The UK will still have to play ball with Europe when it comes to the incoming general data protection regulations (GDPR) once it leaves the EU, according to experts who have urged law makers to keep it a top priority.
Last week, 52 per cent of UK voters opted to leave the EU, bringing about a wave of uncertainty about which European rules the country will have to abide by in future once negotiations are complete.
The GDPR aim to give citizens more control over their personal data and ensure pan-European protections are in place. The new rules are set to come into force fully in summer 2018, after which companies will be fined if they do not comply.
Industry experts have claimed that although the UK plans to leave – regardless of whether negotiations are complete or not in two years when the rules come in – it will still have to abide by the rules.
"The plain fact of the matter is whether we are in – or as we now know – out, businesses operating in the EU, and storing and handling data from within the EU will still need to comply," said Russell Lux, CEO of TelcoSwitch.
"This is as applicable to a US company operating in the EU as it will be a British one. So any business thinking they might have bypassed this will be disappointed. No matter what market a company sells to, or operates within, it must abide by the regulatory framework, and the EU GDPR is no exception."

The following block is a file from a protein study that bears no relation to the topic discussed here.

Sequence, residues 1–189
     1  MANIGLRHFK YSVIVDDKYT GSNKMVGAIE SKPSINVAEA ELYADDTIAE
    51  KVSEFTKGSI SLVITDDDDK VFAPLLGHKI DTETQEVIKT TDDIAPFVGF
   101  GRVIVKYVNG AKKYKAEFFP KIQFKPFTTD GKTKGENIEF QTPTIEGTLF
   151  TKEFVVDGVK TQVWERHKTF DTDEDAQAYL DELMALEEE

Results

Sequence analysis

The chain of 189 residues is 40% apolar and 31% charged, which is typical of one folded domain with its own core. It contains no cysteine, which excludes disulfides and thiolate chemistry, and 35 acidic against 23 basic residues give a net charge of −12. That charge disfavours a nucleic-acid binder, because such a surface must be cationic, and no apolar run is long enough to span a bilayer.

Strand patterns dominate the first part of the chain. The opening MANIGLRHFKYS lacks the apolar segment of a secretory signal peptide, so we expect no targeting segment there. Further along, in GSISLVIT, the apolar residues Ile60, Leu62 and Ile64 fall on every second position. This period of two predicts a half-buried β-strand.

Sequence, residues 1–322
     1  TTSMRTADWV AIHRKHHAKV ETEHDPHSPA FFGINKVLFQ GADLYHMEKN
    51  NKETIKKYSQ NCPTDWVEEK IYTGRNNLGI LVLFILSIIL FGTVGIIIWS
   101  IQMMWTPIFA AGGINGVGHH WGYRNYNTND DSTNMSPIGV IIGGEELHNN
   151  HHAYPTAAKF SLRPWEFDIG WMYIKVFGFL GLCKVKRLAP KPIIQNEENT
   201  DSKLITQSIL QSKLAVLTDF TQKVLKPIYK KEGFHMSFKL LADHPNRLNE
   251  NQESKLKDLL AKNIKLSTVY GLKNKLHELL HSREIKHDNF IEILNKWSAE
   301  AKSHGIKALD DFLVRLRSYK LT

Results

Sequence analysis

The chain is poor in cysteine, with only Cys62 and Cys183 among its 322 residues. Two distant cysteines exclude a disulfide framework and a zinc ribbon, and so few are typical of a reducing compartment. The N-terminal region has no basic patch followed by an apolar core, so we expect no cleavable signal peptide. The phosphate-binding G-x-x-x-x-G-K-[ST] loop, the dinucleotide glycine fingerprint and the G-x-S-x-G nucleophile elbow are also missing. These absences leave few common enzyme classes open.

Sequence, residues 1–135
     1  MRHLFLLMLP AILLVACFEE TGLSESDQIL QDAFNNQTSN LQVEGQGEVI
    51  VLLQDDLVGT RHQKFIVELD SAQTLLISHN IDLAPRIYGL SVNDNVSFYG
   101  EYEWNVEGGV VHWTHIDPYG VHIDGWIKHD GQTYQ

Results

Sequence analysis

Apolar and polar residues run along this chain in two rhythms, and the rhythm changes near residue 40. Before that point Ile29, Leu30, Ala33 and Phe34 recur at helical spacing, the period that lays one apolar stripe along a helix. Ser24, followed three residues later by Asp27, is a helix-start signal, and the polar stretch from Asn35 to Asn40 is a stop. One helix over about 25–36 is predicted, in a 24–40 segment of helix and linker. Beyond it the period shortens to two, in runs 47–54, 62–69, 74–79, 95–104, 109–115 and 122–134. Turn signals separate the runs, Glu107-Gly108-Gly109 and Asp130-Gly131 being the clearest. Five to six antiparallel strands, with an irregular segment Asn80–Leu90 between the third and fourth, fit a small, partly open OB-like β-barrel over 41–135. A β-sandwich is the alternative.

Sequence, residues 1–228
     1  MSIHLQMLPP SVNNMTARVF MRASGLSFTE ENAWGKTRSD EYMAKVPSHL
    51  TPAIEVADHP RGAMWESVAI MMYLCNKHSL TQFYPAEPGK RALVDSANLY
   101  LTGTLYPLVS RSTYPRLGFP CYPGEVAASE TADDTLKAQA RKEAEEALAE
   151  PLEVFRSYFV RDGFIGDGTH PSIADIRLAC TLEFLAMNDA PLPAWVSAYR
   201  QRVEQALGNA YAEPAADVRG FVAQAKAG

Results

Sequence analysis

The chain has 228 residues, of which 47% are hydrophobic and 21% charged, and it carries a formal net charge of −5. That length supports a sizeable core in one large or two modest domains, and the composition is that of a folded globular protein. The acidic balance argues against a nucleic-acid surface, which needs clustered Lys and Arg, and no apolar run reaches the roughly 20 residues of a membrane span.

Customer data breaches and rumours of data snooping have been rife in recent years, causing uncertainty among those using certain cloud services.
With that in mind, Andy Green, technical specialist at data security firm Varonis, said the UK's own laws still have to be up to scratch with the pan-European versions.
"The GDPR applies even to companies or 'data controllers' outside the EU," he said.
"So if UK-based websites collect personal data from, say, a Dutch or French person, the GDPR still applies. And for UK companies with subsidiaries (and therefore data controllers) within the EU, and which try to get out of the GDPR by outsourcing processing to the UK, the GDPR, again, would still apply.
"Why? Under the GDPR, the UK would have to be an 'approved country', with adequate data protection, in order for EU personal data to be transferred out of the zone. In other words, the UK local data laws would have to be up to snuff and at the same level as the GDPR."
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